Today, on the last day of RSA2013, InformationWeek has published an article that analyzes the security spend of companies vs the problems that they need to tackle. While referencing OWASP Top 10 Threats, they cover some of the more modern vectors of attack, focusing mainly on SQL Injection.
To quote our CTO, Amichai Shulman, “SQL Injection should have died years ago. Sadly, it didn’t.” SQL injection is one of the biggest threats and easiest vectors for an attacker to steal data and compromise an organization. Not only that, it has become industrialized, with tools like Havij, SQLmap and others automating the attack and “dumbing it down” to make the it easier to approach by non-experts.
Today, even in the largest organizations, CIO’s still focus spending on fixing problems from the past: viruses and network threats that used to be acute. What is interesting is that companies did so well in spending in the right place in the past, and putting the right controls around their assets to fix the old problems, that the problem has moved. Hackers are now lurking in new places. It’s a classic example of “win the battle and lose the war.”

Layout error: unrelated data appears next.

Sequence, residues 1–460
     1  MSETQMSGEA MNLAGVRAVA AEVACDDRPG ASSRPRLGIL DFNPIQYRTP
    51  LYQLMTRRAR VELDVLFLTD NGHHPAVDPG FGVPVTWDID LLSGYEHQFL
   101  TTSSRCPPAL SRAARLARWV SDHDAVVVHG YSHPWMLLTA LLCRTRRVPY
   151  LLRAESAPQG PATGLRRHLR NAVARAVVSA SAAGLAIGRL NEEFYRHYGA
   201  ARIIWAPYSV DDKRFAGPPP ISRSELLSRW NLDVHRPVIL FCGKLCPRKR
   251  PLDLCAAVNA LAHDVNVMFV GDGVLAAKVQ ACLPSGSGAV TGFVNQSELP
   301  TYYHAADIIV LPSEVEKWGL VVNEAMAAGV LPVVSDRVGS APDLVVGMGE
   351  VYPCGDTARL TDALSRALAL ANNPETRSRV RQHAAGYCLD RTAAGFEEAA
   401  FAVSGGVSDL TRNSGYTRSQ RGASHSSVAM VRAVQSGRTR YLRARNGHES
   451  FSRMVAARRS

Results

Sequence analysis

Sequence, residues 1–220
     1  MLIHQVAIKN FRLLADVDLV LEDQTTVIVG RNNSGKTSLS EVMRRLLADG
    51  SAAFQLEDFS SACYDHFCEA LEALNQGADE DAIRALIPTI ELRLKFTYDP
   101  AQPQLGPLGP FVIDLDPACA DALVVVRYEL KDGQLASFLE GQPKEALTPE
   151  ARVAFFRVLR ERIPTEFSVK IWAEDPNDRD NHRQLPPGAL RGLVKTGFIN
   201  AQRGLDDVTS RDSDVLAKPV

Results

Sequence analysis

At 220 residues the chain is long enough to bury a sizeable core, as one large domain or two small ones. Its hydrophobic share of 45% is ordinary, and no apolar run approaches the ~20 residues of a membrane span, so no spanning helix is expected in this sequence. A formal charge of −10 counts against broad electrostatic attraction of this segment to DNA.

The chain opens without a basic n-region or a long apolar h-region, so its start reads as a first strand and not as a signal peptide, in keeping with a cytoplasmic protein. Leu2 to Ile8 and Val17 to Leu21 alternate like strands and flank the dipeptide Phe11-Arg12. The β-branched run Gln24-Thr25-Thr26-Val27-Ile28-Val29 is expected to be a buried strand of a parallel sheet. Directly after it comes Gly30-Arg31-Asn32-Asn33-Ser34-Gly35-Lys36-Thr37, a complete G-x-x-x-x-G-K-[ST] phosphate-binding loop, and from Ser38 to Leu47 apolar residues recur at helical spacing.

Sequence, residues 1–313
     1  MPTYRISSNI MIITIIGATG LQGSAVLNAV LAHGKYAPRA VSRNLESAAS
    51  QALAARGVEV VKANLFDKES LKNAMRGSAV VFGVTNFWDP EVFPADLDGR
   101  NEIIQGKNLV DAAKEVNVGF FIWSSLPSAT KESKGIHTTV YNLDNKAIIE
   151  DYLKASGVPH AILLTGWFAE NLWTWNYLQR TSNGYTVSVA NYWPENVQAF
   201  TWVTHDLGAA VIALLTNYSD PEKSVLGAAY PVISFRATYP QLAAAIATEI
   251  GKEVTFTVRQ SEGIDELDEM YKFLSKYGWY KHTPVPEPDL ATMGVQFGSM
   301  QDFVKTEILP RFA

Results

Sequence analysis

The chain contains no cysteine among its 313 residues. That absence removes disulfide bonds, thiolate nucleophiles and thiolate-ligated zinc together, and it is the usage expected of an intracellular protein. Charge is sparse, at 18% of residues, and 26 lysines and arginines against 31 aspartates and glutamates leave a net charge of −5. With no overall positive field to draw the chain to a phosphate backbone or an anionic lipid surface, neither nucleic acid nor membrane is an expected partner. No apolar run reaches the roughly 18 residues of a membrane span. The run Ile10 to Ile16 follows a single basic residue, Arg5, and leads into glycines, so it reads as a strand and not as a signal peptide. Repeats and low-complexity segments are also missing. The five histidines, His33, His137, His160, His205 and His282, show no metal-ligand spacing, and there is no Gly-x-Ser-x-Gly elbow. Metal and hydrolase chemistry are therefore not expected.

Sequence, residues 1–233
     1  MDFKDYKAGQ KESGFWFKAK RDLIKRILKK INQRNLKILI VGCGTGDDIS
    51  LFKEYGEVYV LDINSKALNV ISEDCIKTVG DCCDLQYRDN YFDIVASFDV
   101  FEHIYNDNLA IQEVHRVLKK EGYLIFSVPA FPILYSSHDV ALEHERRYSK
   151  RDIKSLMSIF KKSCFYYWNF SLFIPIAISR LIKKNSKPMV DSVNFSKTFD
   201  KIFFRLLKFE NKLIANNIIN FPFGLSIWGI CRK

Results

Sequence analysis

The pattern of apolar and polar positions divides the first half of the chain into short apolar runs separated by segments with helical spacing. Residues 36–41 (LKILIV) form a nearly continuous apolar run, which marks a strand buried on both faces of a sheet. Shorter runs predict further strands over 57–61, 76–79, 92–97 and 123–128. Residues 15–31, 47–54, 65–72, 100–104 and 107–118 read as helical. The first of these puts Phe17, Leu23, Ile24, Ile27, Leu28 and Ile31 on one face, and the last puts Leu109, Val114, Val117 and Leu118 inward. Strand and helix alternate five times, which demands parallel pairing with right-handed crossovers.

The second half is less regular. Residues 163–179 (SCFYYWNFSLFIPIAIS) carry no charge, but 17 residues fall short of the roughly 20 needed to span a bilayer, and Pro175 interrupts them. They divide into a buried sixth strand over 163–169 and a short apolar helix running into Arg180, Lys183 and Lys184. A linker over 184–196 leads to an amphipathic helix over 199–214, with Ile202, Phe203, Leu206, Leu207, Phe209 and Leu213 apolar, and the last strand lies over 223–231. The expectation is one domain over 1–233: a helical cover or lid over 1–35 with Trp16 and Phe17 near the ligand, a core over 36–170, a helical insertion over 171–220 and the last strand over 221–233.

Nowdays, hackers are all about data and how to get it for profit. When that is the case, you should always expect them to look for the weakest point in your organization, because easy money is the best kind of money. SQL Injection is an easy way to get data.
What should you I do ?
- Dork yourself, check what SQL Injection really is and what is your threat.
- Check your access control, is your organization dealing with SQL Injection?
- Verify that you evaluate your online assets and applications to make sure that you are safe
- Regularly schedule “clean ups” to remove nasty bits.
- Put proper Web Application security controls such as Web Application Firewalls in place.